Bellevue locals experiencing food insecurity can find fresh food items through a new local resource.
A drive-thru produce pantry is offered on Wednesday evenings at Bellevue’s St. Matthew Catholic Church, 12330 S. 36th St.
The program is offered through a partnership between St. Matthew’s Knights of Columbus and St. Vincent de Paul Society.
The church groups work with Whispering Roots, an Omaha-area nonprofit dedicated to providing healthy food and nutrition education to economically under-served communities.
Volunteer Barbara Bolter stumbled upon the idea when she approached the Bellevue Housing Department on behalf of the parish’s St. Vincent de Paul Society, seeking resources for someone struggling financially with paying their rent. The conversation progressed, allowing Bolter to learn about Whispering Roots and access to boxed produce for people in need.
“It’s really for people that find themselves food insecure,” said Bolter, who coordinated the partnership. “It’s kind of a grassroots effort through St. Matthew’s, seeing a need, in particular, in our area.”
Bolter said there have been days where they blew through the boxes and others where they had to redistribute to boxes to another parish in Omaha.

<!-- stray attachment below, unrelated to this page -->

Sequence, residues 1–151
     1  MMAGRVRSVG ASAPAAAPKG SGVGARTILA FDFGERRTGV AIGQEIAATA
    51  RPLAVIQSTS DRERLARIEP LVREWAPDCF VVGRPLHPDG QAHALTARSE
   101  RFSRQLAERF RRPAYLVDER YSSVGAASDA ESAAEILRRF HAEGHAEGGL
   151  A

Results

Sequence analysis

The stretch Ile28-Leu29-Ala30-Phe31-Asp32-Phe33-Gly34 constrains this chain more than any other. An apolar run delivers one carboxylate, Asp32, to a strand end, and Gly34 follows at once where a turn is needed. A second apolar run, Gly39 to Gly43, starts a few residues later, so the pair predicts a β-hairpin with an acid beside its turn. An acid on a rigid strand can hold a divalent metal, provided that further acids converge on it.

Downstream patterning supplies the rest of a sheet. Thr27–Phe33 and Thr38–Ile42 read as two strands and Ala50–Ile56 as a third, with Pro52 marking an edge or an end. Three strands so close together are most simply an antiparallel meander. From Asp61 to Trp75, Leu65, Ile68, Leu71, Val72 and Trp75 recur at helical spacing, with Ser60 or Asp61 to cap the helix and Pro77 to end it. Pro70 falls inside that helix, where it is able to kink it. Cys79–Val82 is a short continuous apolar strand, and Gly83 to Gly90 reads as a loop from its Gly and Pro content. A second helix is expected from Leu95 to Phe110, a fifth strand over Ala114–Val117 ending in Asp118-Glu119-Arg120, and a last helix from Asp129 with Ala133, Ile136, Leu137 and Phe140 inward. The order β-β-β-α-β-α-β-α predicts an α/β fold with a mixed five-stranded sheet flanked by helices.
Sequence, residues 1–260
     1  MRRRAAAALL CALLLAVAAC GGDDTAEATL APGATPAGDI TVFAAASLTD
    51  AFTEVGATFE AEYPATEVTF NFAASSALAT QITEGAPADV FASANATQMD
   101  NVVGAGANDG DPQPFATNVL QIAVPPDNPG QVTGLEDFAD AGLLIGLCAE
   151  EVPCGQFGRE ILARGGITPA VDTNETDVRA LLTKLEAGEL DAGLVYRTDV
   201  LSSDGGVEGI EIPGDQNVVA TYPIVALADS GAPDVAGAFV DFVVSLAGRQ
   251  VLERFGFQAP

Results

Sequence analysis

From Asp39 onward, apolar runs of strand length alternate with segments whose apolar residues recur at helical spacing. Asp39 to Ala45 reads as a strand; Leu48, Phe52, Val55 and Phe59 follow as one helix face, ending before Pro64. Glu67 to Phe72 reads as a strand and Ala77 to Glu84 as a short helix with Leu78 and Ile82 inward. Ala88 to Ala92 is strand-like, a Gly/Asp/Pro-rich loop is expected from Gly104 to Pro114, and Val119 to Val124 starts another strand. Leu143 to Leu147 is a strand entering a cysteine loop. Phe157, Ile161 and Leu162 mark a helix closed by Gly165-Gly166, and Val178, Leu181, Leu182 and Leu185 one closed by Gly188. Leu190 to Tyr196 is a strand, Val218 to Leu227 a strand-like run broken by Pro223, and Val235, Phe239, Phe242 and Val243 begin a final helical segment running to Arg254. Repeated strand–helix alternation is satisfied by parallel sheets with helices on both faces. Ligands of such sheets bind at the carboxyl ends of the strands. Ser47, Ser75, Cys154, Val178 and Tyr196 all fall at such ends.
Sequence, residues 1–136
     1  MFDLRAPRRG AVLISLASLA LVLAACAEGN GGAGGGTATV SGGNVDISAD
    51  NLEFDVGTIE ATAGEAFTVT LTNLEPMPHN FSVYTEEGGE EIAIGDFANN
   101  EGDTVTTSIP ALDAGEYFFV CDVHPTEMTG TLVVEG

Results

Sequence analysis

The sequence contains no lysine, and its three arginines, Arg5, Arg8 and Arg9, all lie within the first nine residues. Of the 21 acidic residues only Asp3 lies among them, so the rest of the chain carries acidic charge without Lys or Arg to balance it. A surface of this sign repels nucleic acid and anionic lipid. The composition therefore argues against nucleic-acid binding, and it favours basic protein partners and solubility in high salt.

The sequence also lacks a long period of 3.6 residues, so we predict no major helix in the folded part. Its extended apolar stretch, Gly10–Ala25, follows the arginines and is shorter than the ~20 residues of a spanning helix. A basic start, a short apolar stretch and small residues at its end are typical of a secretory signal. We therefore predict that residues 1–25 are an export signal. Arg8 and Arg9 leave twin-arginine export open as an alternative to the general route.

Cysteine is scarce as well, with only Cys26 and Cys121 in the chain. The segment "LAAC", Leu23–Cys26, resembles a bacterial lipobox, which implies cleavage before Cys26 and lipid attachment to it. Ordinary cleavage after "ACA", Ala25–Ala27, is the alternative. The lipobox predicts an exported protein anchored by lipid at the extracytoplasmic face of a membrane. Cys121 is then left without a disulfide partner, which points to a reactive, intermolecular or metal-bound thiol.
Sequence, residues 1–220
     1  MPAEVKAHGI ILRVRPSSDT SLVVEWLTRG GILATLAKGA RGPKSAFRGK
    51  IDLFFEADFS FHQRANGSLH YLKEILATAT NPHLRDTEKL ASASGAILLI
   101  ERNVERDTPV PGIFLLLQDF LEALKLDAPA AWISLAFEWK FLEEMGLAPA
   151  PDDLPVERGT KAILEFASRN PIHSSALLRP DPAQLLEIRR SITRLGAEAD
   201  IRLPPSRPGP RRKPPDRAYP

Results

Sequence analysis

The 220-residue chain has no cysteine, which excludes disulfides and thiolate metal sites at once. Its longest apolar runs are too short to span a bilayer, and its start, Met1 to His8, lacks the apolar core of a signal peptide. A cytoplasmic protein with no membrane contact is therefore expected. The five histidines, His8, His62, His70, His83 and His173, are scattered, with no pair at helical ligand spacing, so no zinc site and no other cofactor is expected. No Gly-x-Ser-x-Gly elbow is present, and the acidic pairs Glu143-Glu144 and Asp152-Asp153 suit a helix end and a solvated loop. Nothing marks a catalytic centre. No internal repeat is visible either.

“We’re just trying to get the word out,” Bolter said. “We’re out there rain or shine on Wednesdays.”
The program will continue through, at least, March 31.
“Our goal is to grow this, and we’re kind of at Whispering Roots and the USDA’s mercy on how long they’ll offer this,” Bolter said. “As long as they run this program, we hope to be a part of it.”
Drive-thru pickup is offered on Wednesdays from 4:30 to 6 p.m. in the south parking lot.
Boxes contain a variety items such as carrots, onions, potatoes and apples. Aside from produce, a gallon of milk is also provided.
Sometimes a second box with protein options and additional produce is also available.
A mask is required; no sign-up or ID verification is required.
“This fulfills a need in our community,” Bolter said. “You can get a lot of canned produce at food pantries, but fresh produce is tough to come by. That’s a need we’re able to fill.”